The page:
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The hungry can be fed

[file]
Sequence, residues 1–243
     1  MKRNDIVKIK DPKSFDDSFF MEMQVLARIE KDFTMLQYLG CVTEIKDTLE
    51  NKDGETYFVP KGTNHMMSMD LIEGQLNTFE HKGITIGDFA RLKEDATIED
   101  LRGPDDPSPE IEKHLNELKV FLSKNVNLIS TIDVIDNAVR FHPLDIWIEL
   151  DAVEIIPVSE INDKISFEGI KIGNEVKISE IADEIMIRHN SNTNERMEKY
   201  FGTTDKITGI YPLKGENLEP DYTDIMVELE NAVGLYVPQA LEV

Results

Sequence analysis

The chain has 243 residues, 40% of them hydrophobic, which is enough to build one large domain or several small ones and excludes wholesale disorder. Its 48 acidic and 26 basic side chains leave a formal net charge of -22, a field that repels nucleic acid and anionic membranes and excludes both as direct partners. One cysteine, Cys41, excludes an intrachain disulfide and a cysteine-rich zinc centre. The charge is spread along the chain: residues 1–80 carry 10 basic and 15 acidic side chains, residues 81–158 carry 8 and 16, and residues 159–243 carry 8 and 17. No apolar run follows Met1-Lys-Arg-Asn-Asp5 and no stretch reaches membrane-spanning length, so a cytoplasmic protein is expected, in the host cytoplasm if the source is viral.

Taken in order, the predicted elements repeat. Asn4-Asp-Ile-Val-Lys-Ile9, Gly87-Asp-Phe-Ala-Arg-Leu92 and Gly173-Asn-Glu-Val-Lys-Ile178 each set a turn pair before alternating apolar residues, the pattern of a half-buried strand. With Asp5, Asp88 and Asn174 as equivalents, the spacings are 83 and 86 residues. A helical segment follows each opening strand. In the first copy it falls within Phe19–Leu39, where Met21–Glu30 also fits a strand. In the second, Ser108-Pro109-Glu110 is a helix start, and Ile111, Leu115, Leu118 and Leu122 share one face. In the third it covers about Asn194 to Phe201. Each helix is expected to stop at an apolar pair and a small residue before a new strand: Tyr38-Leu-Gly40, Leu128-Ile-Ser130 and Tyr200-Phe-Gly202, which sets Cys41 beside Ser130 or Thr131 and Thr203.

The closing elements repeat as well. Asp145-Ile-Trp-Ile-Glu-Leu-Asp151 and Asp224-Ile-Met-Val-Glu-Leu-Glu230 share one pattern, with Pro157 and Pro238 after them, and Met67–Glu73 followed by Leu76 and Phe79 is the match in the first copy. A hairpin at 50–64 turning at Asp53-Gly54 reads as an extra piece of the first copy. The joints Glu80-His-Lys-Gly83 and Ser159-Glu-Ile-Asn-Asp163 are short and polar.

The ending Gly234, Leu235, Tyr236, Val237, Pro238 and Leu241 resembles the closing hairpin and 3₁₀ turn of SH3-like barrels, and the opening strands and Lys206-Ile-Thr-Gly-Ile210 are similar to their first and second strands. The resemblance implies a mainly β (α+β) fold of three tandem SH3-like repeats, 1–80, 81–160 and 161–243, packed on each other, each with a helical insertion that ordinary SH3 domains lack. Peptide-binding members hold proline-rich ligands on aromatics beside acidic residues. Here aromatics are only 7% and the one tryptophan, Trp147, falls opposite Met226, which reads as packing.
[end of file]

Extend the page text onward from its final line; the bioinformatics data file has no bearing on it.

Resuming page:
RECENT reports of suffering and starvation in Africa have deeply moved many of us. Instead of turning a blind or apathetic eye to the unfortunate, the world is beginning to awake to their need with generosity and compassion and to search for ways to help. Aid has been pouring in from people all over the world, and more is being offered. Yet those familiar with Ethiopia and other drought-stricken areas inform us that this hunger emergency may be only the tip of the iceberg. Economic, political, geographical, and environmental conditions seem to have conspired against these innocent people. Must it be that for some there is no hope--no way for their hunger to be met? Christian Science challenges us to consider our viewpoint on this subject. It encourages us to see beyond limited perspectives to the unfailing goodness of God, who does provide for His creation. In the Christian Science textbook, Science and Health with Key to the Scriptures, Mary Baker Eddy1 writes, referring to God: ``In Egypt, it was Mind which saved the Israelites from belief in the plagues. In the wilderness, streams flowed from the rock, and manna fell from the sky.'' 2 Can't we see such evidence of God's care today? Mere human strength and strategy seem to have their limits as we strive to achieve a goal like feeding the hungry. We need something more, and this demand may compel us to turn to God for the strength, resources, insights, and understanding we need. When we turn to God, the boundaries of ``the possible'' are pushed further and further back. ``With God all things are possible,'' 3 Christ Jesus told his disciples. And one time, talking with a parent who was grieving over his son's apparently incurable affliction, Jesus said, ``If thou canst believe, all things are possible to him that believeth.'' 4 The child was healed. Prayerful, enlightened thought is capable of greater vision--indeed, a different kind of vision--than the physical senses can provide. Turning to God in prayer, we begin to see as possible things that previously seemed impossible to us. Prayer inspires wise action, which leads to more prayer and in turn inspires more effective action. In a very profound sense, prayer is the greatest contribution, because it can have the effect of magnifying the good that all other contributions make. Prayer leads the way for monetary and other provisions to fulfill their goals more effectively. When our prayer includes an affirmation and realization of God's goodness and allness, we grow in our conviction that His provision for man is governed by His law of truth and love, and that man's well-being is not truly a matter of chance. Human thought is beginning to see that we don't need to accept hunger, disease, and death as inevitable. One relief organization speaks of ``a shift in the wind.'' Isn't a shift of thought what is really needed? A shift toward a higher good? A shift into a greater awareness of God's love for all mankind? All mankind! God's goodness can't be limited, and through prayer the limits will continue to be pushed back in individual thought and in human thought collectively. Prayer has an immediate effect. There is no reason we should expect that the answer to prayer takes time. It does take our devotion, however. Mrs. Eddy writes encouragingly, ``The devotion of thought to an honest achievement makes the achievement possible.'' 5 Every child, man, and woman is in truth beloved of God--unspeakably precious. God's love is always present and omnipotent. Therefore whatever would oppose His love has no actual power or legitimacy. Devotedly sticking with these spiritual facts constitutes effective prayer. A prayer that can result in breaking barriers of limitation, in removing the conditions that create hunger. ``With God all things are possible.'' 1 The Discoverer and Founder of Christian Science. 2 Science and Health, p. 133. 3 Matthew 19:26. 4 Mark 9:23. 5 Science and Health, p. 199.

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